Rites of Spring (2011)    0 Stars

“Fear has a season”


Rites of Spring (2011)

Director: Padraig Reynolds

Cast: AJ Bowen, Anessa Ramsey, Sonny Marinelli

Synopsis: A ransom scheme turns into a nightmare for a group of kidnappers who become victims of a horrifying secret that must be paid every spring.




Every successful horror franchise — the beginning of which this movie was undoubtedly intended to be — needs its iconic boogeyman and Padraig Reynolds’ Rites of Spring has a pretty memorable one in Worm Face, a hulking brute swaddled in filthy bandages who might be a corpse in an advanced state of decay, or a murderous leper on whose face grubs can be seen to be feasting. The movie is fairly vague on his origins, which again might be down to the fact that it was probably intended as the first of a series, or might simply be down to lazy writing (Reynolds, again).

The plot involves the intertwining of two separate storylines, and the first half of the movie during which Reynolds alternates between the two plots works a lot better than the second half. One strand sees Rachel Adams (Anessa Ramsey) and Hannah Bryan (Alyssa Miller) being abducted from outside a bar late one night and awaking the following morning to find themselves hanging by their tied wrists from the roof beam of an old barn. Every so often, a creepy old man (Marco St. John) wanders in and asks them if they’re clean before collecting a bowlful of their blood, which he then throws into a locked cellar in which the aforementioned Worm Face resides. Meanwhile, Ben (A J Bowen) and Paul (Sonny Marinelli) are preparing, with the help of Ben’s younger brother, Tommy (Andrew Breland) and girlfriend, Amy (Katherine Randolph), to abduct the young daughter of wealthy businessman Ryan Hayden (James Bartz) for a ransom of $2 million. During the abduction of the girl from Hayden’s mansion, Paul decides it’s necessary to also abduct the girl’s nanny, Jessica (Sarah Pachelli) after she sees his face and, just to make sure Hayden understands he’s not fooling around, after Ben and Amy have spirited the child into their getaway car he then shoots Mrs Hayden (Shanna Forestall) in the head.

While the kidnappers are securing their hostages in a disused farm and ensuring Hayden is complying with their demands, the creepy old man who abducted Rachel and Hannah has advanced with his mysterious preparations by placing a paper mache cow’s head on Hannah’s head and stripping her naked. When Rachel awakens to find her friend missing, she manages to release herself and sets off in search of her. She finds her easily enough, hanging in another part of the barn, but Hannah no longer has two heads, having lost her real one somewhere on the journey. When the creepy old man tries to overpower her, Rachel manages to get the better of him, and it’s at this point that Worm Face decides to emerge from his cellar and give chase. Rachel naturally legs it, and her lengthy flight from the pursuing Worm Face takes her to the deserted farm building in which Paul, Ben and the rest of the gang are holed up with their hostage.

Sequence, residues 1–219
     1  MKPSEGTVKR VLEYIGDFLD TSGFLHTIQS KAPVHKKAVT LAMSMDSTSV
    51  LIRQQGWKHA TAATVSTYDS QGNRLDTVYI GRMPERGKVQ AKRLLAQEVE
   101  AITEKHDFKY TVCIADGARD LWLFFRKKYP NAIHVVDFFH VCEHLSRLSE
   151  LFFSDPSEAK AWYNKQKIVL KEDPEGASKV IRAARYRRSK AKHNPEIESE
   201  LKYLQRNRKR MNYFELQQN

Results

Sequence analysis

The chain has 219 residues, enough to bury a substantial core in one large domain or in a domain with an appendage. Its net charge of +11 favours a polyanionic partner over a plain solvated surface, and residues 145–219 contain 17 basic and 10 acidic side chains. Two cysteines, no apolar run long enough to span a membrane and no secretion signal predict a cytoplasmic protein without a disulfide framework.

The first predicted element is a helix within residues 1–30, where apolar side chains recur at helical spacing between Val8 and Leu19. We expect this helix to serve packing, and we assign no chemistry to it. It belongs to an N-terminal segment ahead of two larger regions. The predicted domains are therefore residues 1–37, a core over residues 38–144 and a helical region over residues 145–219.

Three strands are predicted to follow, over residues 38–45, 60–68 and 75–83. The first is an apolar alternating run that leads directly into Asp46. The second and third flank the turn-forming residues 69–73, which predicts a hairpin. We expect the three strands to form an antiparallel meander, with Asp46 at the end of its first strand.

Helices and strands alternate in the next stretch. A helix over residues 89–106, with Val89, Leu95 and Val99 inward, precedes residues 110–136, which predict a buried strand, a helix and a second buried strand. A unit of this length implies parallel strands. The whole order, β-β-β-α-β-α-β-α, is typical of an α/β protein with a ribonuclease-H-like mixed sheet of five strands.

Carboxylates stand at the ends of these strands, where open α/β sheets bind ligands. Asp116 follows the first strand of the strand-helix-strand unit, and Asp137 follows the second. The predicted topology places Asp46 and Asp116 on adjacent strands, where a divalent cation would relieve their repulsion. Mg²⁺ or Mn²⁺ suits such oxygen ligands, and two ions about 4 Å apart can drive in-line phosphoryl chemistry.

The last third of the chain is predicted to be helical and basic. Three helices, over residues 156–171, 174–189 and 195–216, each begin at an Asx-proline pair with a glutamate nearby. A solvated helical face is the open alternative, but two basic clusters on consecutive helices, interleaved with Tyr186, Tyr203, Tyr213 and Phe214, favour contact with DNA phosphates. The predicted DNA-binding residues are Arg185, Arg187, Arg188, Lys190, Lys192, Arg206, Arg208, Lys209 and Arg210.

It’s at this point that Rites of Spring gives up on trying to be a little different by combining crime thriller and horror genre and reverts to straightforward stalk-and-slash horror. The body count mounts with alarming regularity, and not all of them are despatched by Worm Face. In fact there’s a big twist that is totally unexpected — largely because it directly contradicts an earlier scene at Hayden’s mansion. Maybe Reynolds missed it, or maybe he just hoped the audience would, but either way it obviously dulls the impact of that twist considerably. Another loose end — again, which might have been addressed in the probably never-to-be-made sequel — sees one character simply disappear unseen, fate unknown. By this point, however, Rites of Spring has descended to the level of the countless stalk-and-slash movies that have littered the horror genre since the early 1980s, presenting us with nothing new as it does so, and reducing the obligatory final girl standing to a blundering fool whose survival depends more on blind luck than ingenuity or resourcefulness on her part.